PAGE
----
Referring now to FIGS. 23, 24 and 25 there is shown, in block diagram form, a system for parallel processing of topology directed subdivision using the enhanced subdivision procedure according to the present invention. In FIG. 23 there is shown the general system structure of the architecture. A communications network 200 is provided and has connected to it a master process or 206 and plurality of slave processors 208. The interconnection topology of the communications network can be varied. It is only necessary that the structure provide for communications between the processors such as may be provided by a VME bus.

The master and slave processors are shown in more detail in FIGS. 24 and 25. Each include a communications network interface, a pair of buffers 212:214 and 213:215, a CPU 218 having a floating point coprocessor 220 and a memory 222. Master processor 206 further includes a high speed interface 230 for connecting the processor to a host computer.

Generally, the system allows that a pair of surfaces are deposited from the host computer into the master processor which controls the system in order to perform subdivision operations on the surfaces in a parallel fashion. Once processed, the results are read back by the host computer.

Preferably, the format for data exchange between the processors comprises a datum having four fields. One field is status, which can take three values: U-unprocessed; T-transversal intersection; and X-unclassified intersection topology. The second field is the description of surface A. The third field is the description of surface B. The fourth field holds a flatness tolerance parameter.

In operation, a pair of surfaces are assembled into a datum by the host computer and the status of the datum set to "U". The datum is then deposited in the buffer 212 of the master processor 206. So long as buffer 212 contains a datum it seeks a slave processor in which to deposit it. When a slave processor is available the datum is deposited from master buffer 212 to slave buffer 213, which is one-datum deep.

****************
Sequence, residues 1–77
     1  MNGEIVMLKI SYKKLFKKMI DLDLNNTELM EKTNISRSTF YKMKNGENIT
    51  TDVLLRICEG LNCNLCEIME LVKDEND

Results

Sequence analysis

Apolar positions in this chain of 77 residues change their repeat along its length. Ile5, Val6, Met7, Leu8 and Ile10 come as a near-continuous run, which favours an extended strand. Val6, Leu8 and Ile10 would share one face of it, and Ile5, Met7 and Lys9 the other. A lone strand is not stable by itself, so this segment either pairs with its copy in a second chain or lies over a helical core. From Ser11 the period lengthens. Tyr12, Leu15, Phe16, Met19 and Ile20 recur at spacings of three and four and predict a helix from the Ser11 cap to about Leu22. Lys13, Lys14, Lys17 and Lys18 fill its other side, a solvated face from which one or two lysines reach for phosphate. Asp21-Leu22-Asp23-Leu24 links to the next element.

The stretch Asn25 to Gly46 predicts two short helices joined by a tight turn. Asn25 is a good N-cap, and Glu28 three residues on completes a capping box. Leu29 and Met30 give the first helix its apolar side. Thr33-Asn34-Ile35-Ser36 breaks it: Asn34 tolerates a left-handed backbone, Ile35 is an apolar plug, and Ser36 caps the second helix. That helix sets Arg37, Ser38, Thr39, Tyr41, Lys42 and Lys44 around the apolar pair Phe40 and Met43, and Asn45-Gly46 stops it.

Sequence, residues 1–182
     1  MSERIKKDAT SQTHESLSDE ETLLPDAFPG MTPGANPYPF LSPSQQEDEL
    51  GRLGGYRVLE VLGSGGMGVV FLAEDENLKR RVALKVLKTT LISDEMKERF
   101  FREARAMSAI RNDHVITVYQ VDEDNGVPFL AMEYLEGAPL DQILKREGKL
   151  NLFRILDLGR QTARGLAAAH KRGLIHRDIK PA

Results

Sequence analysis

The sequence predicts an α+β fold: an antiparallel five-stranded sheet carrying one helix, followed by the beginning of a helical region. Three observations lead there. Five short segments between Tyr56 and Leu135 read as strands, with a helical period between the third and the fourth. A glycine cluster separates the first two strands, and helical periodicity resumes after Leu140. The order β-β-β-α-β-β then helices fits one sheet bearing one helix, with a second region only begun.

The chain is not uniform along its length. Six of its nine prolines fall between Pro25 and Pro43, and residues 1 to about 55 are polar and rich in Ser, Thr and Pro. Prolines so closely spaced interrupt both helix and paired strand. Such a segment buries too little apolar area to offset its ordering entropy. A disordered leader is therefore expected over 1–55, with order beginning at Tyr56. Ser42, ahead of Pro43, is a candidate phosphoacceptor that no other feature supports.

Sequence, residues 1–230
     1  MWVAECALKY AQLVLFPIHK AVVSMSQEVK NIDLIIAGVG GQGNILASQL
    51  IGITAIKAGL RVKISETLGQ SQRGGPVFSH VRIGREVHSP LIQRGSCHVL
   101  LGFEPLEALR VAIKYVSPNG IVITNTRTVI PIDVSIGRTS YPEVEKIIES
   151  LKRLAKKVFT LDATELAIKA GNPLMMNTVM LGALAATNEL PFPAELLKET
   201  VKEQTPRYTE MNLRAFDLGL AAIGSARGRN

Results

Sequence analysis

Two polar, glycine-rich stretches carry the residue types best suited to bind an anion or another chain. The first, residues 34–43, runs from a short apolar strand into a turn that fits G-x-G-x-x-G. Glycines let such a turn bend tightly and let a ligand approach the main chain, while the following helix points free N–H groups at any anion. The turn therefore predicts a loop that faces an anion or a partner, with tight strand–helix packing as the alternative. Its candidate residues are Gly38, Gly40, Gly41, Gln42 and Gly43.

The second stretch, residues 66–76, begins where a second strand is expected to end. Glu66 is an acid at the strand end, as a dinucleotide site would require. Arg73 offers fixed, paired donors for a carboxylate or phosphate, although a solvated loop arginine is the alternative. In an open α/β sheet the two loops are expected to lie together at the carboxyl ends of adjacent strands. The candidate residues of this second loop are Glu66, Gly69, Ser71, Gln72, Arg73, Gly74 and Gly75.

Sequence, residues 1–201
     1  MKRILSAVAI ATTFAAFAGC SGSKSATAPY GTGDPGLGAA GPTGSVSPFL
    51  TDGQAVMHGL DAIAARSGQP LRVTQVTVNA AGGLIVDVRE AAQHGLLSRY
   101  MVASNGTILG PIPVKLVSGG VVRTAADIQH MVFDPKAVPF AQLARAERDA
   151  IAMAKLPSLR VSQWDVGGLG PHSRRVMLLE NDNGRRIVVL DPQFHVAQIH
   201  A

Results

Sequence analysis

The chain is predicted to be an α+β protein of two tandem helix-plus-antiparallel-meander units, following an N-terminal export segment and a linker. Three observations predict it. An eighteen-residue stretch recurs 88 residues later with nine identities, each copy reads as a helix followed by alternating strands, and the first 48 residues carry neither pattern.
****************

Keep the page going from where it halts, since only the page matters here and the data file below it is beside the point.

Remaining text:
Upon receipt of a new datum the slave processor 208 performs the following algorithm. First, a mutual point exclusion test is performed on the surfaces A and B. If the intersection is empty, slave processor 208 clears its buffer 213, writes a null value in buffer 215 and signals the master processor 206 it is done. If there is an intersection the processor performs a check for transversality as outlined before. If the intersection is transversal, the processor modifies the datum that was read from buffer 213 in the following way. First, the processor sets the datum status field to "T", and then places the datum in the output buffer 215 and signals the master processor that it is done.

If the transversality check fails, flatness is checked, using the specified flatness criteria. If flat enough, the processor modifies the datum that was read from buffer 213 in the following way. First, "X" is written in the status field, the datum placed in the output buffer 215 and the master processor signaled. If not flat enough, the surfaces are subdivided to form a plurality of surface pairs (Ai,Bj), each of which are then assembled into a datum. The datum field for these datum is set to "U" and the tolerance set to the same tolerance set for the subdivided surfaces. All these datum are placed in the output buffer 215. The input buffer is then cleared.

Next, the master processor, upon being signaled by the slave, reads the output buffer. The master processor deposits all datum with status tags "U" into buffer 212 and all other datum (status tags "T" or "X") into the second buffer 214.

Accordingly, the master processor continues the process of distributing datum to the slaves until no datum exists with the status tag "U" in the system. At this point the host computer is signaled and the datum having "T" or "X" status tags, found in buffer 214, are returned to the host processor via the high speed interface.

Thus, it can be seen that topology directed subdivision may be performed in a high-speed parallel fashion by the system of the present invention.

Although the invention has been described above in its preferred form it will be understood that many modifications and changes may be made thereto without departing from the spirit and scope of the invention as set forth in the claim appended hereto.

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Classifications
U.S. Classification703/2, 700/3
International ClassificationG05B19/41, G06T17/20, G06T17/10
Cooperative ClassificationG06T17/20, G05B19/41, G06T17/10
European ClassificationG06T17/10, G05B19/41, G06T17/20